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Art Fairs, Craft Shows, Music Festivals, and More
Festival Network Online Newsletter Artist/Crafter Edition -  May 2007
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How to be your Own Booking Agent
By Jeri Goldstein

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Hello FNO Artists and Craftspeople,

Steve Popkin of The Thriving Artist shares an informative article about art shows versus gallery sales.  Check him out online, he has great artist resources: The Thriving Artist.

This month's Featured Artist is John R. Kamerer.

One last thing before I sign off, please rate the shows that you know in our database.  Everyone wants to see the experiences of other vendors.  Let us know if you need help doing that.

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Art Shows vs. Gallery Sales

by Steve Popkin

Art Shows allow you to call the shots for the most part. You decide what you will sell, how much you will sell it for and the language you will use to sell it. This gives you a lot of flexibility in making the sale. What I mean by this is that you can decide on the spot at the art show what will work for you to make the most profit at that particular moment. For instance, the show gets less traffic than expected...create show specials and bonuses to increase traffic and sales. The show is extremely busy...take orders for additional work and commission work.

Art shows also give you immediate cash into your pocket as opposed to sales made at galleries. Galleries may make you wait several weeks to possibly several months or longer to get your money after a sale. This is determined by the contract you have with the gallery. If you are well known in the art field this contract can fall into your favor but for the most part newer artists will make whatever deal they can get to be shown in a gallery. This alone will work against you.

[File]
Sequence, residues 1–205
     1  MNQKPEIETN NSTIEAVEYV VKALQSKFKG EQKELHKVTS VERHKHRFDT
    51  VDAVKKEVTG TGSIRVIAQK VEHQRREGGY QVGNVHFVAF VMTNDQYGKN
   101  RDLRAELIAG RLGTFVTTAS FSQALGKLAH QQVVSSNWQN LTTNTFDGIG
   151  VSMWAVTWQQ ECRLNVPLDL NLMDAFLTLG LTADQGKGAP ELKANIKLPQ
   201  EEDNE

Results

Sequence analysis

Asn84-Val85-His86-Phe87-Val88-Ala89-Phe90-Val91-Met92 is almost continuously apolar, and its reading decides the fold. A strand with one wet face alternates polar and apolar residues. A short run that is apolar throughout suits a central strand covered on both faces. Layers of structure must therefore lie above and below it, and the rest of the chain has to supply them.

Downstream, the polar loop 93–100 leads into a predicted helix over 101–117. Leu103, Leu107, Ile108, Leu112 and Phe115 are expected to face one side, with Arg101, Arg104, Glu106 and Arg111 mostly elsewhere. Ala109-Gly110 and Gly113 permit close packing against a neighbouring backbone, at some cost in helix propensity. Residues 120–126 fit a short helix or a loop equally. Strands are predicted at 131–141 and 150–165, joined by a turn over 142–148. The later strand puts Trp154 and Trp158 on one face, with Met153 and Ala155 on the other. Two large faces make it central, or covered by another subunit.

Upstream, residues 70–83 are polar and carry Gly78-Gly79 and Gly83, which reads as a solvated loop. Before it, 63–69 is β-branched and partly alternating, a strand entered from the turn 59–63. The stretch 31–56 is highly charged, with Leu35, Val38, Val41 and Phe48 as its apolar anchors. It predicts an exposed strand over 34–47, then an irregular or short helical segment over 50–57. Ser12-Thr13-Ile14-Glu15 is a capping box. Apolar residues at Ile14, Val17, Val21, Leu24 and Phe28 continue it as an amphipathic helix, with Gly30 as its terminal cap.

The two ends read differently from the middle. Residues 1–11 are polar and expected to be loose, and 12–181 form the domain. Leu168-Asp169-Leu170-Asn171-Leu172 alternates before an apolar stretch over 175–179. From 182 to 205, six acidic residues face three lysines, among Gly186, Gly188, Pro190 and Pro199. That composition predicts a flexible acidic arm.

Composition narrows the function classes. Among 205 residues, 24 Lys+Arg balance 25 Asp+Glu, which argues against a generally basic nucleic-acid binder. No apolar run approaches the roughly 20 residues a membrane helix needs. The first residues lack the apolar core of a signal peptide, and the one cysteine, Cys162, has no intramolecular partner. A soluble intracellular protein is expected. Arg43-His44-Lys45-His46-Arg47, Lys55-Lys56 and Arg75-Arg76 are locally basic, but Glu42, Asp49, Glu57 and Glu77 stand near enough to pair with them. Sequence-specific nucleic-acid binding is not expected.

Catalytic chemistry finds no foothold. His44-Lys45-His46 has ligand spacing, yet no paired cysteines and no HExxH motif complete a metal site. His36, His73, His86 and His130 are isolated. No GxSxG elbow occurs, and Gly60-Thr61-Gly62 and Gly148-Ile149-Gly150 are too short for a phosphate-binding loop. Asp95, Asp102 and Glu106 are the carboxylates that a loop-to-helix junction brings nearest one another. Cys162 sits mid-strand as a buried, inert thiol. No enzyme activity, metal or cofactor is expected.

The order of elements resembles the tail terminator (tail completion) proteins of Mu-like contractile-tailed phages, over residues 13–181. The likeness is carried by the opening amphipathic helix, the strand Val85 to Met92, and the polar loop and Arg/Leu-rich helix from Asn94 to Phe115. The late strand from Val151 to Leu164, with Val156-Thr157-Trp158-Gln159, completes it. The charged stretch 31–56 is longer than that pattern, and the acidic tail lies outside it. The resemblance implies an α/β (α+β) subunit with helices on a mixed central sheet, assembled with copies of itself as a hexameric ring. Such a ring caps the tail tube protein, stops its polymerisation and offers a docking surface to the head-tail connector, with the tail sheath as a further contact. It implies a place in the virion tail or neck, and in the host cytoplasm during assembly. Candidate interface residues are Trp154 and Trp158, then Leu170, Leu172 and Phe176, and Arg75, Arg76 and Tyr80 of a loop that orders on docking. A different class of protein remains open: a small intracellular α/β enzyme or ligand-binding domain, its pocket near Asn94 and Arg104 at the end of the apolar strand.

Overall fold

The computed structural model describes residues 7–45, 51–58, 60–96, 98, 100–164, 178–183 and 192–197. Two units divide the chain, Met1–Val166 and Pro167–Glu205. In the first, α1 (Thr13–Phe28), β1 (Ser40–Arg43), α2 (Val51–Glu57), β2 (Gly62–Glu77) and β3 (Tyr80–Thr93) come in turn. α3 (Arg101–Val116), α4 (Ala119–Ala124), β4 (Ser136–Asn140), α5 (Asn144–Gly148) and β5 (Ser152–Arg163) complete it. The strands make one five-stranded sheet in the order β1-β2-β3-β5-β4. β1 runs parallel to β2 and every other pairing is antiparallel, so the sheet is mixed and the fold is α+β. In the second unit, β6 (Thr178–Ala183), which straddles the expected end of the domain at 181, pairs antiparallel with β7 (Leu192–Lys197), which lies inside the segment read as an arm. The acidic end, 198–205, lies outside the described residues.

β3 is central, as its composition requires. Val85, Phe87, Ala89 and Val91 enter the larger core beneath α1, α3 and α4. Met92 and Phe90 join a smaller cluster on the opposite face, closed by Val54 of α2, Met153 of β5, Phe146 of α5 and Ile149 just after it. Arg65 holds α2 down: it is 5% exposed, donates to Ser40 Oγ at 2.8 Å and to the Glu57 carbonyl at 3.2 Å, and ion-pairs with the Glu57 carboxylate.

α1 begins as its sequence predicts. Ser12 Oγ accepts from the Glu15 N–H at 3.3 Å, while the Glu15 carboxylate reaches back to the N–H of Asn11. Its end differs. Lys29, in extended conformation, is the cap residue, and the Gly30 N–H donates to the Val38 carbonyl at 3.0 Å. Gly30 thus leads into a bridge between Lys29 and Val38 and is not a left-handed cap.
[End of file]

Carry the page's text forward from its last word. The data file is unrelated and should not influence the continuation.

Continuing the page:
Also keep in mind that the gallery owner is making money from your piece. Typically this could be as much as 50% or more. They will also be showing other artists' work and trying to sell that as well. The gallery owner is interested in one thing and one thing only...making sales. They figure if not your work than another artist's work in their gallery. A sale is a sale. This is the cold hard truth but it is the truth.

The money you generate at an art show is yours and yours alone. Yes, you do have costs but for the amount you could make in a relatively short time, they are negligible. Your costs usually are booth or vendor space, travel costs, time away from the studio, meals, lodging (if away from home) and miscellaneous supplies.

One thing I can definitely tell you is that there is a right way and wrong way to maximize your art show sales. In my advance course I give you all the ammunition to explode your profits at an art show. I also give you the right way to handle gallery sales should you decide to go that route. The point is...knowledge is power. Educate yourself and then you could make an informed decision as to what is best for your circumstance.

Steve Popkin, a veteran glass artist, makes it easy for artists to become successful. Learn the secrets most artists and craftsmen will never know about selling artwork in his complimentary e-course just visit

Featured Artist - John R. Kamerer of Monumental Photography

John KamererJohn Kamerer of Monumental Photography has been a member of FNO for over 2 years and in 2007 his work will appear at 30 festivals.  His photographs of flowers are stunning and vibrant.  He captures color and texture exquisitely.  I particularly enjoy the use of space and depth in his compositions.   Printing his photographs on canvas gives them a painterly quality and, in many cases, also makes them appear 3-D.

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